Similarly, when we look at the U.S. subprime crisis that started with Household International’s subprime writedown in February 2007, we have to remember that subprime was a small market relative to the size of the US economy, even then. But it was also integrally connected to the entire U.S. housing market, where serious bubbles were evident. And once the subprime market imploded it rippled outward into the rest of the housing market, popping the U.S. housing bubble and spreading contagion everywhere. The contagion via financial intermediaries and the vulnerabilities due to overextended credit structures is what made the subprime crisis global.

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A final example is Dubai World in November 2009. I described it as an exogenous shock with a sort of butterfly contagion effect. And that is because it was a catalyst for re-assessment about sovereign debt structures – and ultimately a number of sovereigns proved vulnerable due to excessive debt in a currency they don’t control, precipitating the European sovereign debt crisis.

This is how crises work. The model is catalyst, contagion and vulnerability. You need all three for the crisis to occur and then the question goes to how potent the transmission mechanisms are and how vulnerable the credit structures and economies affected are. Take Brazil and China, for example. It is clear that Brazil had a massive private credit binge and that this came unstuck, making its economy vulnerable to an exogenous shock. So when we see commodity and oil prices collapsing and trade flows collapsing, this is a catalyst hitting a vulnerable economy. If you look at the Wall Street Journal story though what stands out for me is this:

But China is the X-factor. Brazil’s exports to China tumbled by 19% in the first seven months of this year.

For more than a decade, China has been there when Brazil needed it most. Brazil entered the latest commodity upswing, around 2002, verging on default, but Brazil’s economy began to catch fire from resource prices buoyed by Chinese demand.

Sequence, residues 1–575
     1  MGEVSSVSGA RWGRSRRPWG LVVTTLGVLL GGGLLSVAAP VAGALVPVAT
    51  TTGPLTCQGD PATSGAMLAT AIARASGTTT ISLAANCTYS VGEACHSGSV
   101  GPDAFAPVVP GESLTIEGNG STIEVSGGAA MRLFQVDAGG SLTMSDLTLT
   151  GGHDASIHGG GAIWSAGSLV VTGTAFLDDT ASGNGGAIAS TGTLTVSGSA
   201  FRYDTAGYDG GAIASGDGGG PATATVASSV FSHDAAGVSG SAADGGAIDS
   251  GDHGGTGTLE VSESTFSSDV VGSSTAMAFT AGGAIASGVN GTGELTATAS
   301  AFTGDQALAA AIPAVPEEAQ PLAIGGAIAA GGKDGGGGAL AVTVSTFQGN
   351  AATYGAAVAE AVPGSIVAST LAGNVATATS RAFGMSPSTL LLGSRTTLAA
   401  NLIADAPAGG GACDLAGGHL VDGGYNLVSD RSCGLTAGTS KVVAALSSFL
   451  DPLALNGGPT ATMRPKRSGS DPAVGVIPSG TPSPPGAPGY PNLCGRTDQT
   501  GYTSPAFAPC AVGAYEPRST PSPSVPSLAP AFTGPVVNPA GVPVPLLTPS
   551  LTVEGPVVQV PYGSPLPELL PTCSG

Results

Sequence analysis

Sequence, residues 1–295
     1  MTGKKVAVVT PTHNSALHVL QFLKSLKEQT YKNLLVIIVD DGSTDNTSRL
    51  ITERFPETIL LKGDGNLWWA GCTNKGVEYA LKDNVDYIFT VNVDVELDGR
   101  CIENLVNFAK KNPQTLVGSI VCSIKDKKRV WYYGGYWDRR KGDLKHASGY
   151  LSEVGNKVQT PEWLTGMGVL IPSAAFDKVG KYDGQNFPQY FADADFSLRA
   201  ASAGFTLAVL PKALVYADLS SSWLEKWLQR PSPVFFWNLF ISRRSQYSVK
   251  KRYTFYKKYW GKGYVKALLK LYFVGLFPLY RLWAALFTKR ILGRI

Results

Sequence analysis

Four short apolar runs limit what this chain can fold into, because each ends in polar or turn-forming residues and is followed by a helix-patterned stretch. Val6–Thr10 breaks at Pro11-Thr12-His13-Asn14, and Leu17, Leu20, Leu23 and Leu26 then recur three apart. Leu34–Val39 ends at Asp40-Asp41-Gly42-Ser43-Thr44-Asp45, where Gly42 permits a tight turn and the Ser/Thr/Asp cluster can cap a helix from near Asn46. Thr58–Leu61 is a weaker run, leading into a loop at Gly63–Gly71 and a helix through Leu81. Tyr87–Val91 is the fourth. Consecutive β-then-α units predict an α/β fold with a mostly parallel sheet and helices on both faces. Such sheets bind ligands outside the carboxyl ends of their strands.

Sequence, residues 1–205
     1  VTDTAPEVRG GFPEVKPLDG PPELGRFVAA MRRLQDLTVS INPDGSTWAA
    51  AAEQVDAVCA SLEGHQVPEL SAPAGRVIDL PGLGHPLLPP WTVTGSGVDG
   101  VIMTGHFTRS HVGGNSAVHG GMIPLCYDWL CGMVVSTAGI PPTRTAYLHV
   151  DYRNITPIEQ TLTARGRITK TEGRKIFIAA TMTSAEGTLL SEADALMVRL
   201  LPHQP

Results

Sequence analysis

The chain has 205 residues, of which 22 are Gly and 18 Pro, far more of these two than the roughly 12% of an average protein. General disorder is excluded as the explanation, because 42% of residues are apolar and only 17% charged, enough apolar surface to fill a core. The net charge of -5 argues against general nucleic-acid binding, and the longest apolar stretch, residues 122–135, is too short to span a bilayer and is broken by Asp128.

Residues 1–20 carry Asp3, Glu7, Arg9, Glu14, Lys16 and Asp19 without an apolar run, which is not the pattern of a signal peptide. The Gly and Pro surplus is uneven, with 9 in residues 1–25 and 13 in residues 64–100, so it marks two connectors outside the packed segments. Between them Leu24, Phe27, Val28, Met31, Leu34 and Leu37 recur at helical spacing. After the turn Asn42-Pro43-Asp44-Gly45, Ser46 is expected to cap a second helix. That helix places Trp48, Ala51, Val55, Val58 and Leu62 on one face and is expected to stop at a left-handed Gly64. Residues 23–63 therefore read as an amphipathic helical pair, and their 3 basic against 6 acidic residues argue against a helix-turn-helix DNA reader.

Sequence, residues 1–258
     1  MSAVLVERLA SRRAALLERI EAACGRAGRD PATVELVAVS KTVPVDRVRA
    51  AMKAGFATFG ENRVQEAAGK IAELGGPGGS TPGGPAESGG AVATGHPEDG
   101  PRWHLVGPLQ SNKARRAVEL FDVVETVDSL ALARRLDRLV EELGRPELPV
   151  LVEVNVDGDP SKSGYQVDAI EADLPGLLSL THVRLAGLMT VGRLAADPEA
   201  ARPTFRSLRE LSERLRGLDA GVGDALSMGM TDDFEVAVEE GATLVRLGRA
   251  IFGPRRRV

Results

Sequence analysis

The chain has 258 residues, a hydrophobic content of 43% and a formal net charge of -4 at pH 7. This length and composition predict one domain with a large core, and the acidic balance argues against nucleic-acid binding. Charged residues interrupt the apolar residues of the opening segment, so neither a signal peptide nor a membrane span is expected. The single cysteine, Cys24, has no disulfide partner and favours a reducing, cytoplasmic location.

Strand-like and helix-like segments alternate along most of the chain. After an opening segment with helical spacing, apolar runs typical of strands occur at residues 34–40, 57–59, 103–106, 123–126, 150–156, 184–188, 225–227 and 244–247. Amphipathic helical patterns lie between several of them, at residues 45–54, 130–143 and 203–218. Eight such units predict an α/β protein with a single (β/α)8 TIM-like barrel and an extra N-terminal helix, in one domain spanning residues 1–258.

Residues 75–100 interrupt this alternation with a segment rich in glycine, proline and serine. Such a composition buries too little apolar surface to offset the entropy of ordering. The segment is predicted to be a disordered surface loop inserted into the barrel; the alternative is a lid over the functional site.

Brazil then again looked as if it could come undone after the global financial crisis in 2008. China’s $586 billion stimulus package helped reignite global demand for what Brazil produces.

A 19% reduction in trade with Brazils largest trading partner for both imports and exports as credit growth comes unstuck is a huge exogenous shock, even for a continental-sized economy like Brazil’s. Imagine if the U.S. had a 19% reduction in trade with the EU while credit growth was declining and the federal government was engaged in fiscal tightening for example. Thats the equivalent of what is happening in Brazil right now. And this goes to catalyst, contagion, and vulnerability. They are all huge for Brazil.

So as I look at what is going on in China, I am asking myself: how much of a catalyst is what’s happening? Where is the likely contagion transmission path, if any, and how large is it? And finally, how vulnerable is the economy, credit structure being affected by contagion?

With China, a mini-devaluation is meaningless in terms of trade flows as a conduit for contagion. More meaningful are the loss of a marginal buyer in over-supplied commodity markets and the pressure on the Chinese domestic economy to further that loss. Right now, the Chinese economy is slowing as it transitions to a consumer-led economic model. And the non-performing loans associated with the old economic model will make this transition fraught. For the Chinese to manage the transition well, they will need to accept the slowing, which they have done. But more than that, they will need to put policies in place to enable the transition. And that means letting the currency act as a release valve.

I believe the Chinese will resist depreciation. They will support the currency through intervention as we see them doing today, with a large revaluation supported by demand from state-owned banks acting on behalf of the central bank. But I believe the slowing will be too great for the Chinese to continue this policy. And they will be forced to allow the currency to depreciate sometime this year or next. A 10% total depreciation from the pre-mini devaluation level is only a few percent below today’s level. And while that won’t give the Chinese economy a boost via exports, it will give domestic financial conditions breathing room. But it will also have a negative impact on commodities and EM countries.

For now, we are in a holding pattern, and I expect EM and commodity markets to stabilize. But once the depreciation continues, sentiment will shift and the next phase of the Chinese currency crisis will begin.

P.S. – Europe’s economy is doing better than expected in my view. I continue to see upside there, particularly in Ireland and Spain. Again, in terms of catalysts, contagion, and vulnerability, there is not enough for Europe to be drawn into this meaningfully at this time.